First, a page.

From Shakers to Spiritual Baptists examines the factors and circumstances that led to the passage of the Shaker Prohibition Ordinance that declared the Shaker religion illegal in 1912. It then traces the efforts made to repeal that Ordinance. The focus is on the Shakers’ struggle for survival and for their right to worship in the manner they deemed fit. Central to this were the environment and conditions that emerged in St. Vincent after the riots of 1935. George McIntosh, who was one of the main political personalities to have come on to the political scene after the riots, is depicted as one of the chief architects of the efforts to have the Ordinance repealed. Some attention is paid to the origin of the religion known at first as ‘The Wilderness People'. This account of our only known indigenous religion should be of interest to all members of that religion and of Vincentians and others generally, as the forces against which the Shakers had to contend were ones that helped to shape so much of our history and society.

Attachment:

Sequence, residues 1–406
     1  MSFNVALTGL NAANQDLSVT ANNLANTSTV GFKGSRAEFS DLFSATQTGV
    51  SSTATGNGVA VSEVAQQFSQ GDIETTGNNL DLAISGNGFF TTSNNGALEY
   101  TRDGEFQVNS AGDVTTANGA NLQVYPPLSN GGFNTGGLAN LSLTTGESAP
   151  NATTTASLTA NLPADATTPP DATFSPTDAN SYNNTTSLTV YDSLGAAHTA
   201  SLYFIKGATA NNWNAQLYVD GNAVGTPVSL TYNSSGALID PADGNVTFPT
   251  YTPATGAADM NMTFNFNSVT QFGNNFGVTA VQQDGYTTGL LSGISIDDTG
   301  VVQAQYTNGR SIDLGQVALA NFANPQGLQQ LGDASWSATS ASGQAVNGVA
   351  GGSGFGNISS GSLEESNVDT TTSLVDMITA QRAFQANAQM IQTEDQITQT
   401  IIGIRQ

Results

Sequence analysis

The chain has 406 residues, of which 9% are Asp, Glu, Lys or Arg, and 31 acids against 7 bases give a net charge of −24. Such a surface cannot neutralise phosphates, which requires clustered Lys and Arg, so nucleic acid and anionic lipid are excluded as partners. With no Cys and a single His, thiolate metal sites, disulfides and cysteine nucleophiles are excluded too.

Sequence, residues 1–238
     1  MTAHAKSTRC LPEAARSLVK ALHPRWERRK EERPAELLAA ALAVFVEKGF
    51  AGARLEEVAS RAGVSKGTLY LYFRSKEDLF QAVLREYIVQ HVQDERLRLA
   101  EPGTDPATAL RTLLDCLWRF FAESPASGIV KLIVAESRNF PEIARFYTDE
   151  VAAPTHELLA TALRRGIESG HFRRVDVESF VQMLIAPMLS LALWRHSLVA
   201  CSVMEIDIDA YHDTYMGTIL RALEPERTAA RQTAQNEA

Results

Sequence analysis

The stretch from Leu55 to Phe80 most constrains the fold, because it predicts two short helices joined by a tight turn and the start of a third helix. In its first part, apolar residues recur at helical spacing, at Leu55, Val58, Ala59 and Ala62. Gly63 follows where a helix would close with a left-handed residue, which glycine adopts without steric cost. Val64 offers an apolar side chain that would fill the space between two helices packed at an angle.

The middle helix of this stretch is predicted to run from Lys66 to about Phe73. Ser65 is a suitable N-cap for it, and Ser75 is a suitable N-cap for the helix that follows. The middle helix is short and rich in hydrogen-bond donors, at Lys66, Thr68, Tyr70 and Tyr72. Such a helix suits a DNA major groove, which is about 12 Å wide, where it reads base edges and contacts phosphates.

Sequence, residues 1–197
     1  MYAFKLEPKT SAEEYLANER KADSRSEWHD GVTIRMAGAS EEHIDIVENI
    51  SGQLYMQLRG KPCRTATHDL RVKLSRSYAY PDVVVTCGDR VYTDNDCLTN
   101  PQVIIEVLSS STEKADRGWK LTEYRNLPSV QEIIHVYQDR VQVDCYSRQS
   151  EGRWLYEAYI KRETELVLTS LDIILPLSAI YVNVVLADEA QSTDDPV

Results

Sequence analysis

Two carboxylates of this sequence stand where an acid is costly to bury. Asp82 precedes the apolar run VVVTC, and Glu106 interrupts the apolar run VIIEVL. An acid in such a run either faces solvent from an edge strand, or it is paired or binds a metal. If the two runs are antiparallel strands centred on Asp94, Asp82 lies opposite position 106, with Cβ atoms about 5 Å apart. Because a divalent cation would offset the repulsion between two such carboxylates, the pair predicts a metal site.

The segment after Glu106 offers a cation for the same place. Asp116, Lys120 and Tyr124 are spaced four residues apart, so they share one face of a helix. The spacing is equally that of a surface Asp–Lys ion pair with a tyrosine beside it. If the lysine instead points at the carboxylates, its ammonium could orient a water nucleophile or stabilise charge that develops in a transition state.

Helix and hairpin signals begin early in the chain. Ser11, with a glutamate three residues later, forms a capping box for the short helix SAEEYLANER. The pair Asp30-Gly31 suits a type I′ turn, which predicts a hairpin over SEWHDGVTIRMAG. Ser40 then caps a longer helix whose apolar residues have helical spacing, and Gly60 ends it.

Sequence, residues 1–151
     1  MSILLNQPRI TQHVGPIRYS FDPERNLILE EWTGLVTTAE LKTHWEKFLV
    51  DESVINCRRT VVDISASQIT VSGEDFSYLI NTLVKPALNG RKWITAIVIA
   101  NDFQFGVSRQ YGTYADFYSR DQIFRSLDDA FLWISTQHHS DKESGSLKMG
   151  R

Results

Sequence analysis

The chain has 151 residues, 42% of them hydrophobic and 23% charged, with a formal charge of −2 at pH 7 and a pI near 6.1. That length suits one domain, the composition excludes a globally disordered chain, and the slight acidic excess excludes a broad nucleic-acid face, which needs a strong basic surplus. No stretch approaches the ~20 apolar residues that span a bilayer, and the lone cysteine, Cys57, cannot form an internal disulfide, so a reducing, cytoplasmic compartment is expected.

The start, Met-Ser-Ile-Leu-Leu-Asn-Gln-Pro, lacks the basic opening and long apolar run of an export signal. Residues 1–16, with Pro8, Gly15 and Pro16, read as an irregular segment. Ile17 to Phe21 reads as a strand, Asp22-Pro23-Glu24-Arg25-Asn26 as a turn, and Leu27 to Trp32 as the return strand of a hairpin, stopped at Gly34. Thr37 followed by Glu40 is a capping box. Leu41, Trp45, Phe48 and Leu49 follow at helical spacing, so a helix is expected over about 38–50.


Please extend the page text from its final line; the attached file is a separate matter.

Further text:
Adrian Fraser received his B.A. in History from the University of Western Ontario, Canada, his M. Phil in History from the University of the West Indies, Barbados, and his Ph.D. in History from the University of Western Ontario. He is Head of the University of the West Indies Open Campus, St. Vincent and the Grenadines. He is the author of Chatoyer (Chatawae): National Hero of St .Vincent and the Grenadines and co-author (with Keith Joseph) of Caribbean Social Studies Series 4- St. Vincent and the Grenadines, (McMillan-Caribbean). He is also a weekly columnist with the Searchlight newspaper of St. Vincent and the Grenadines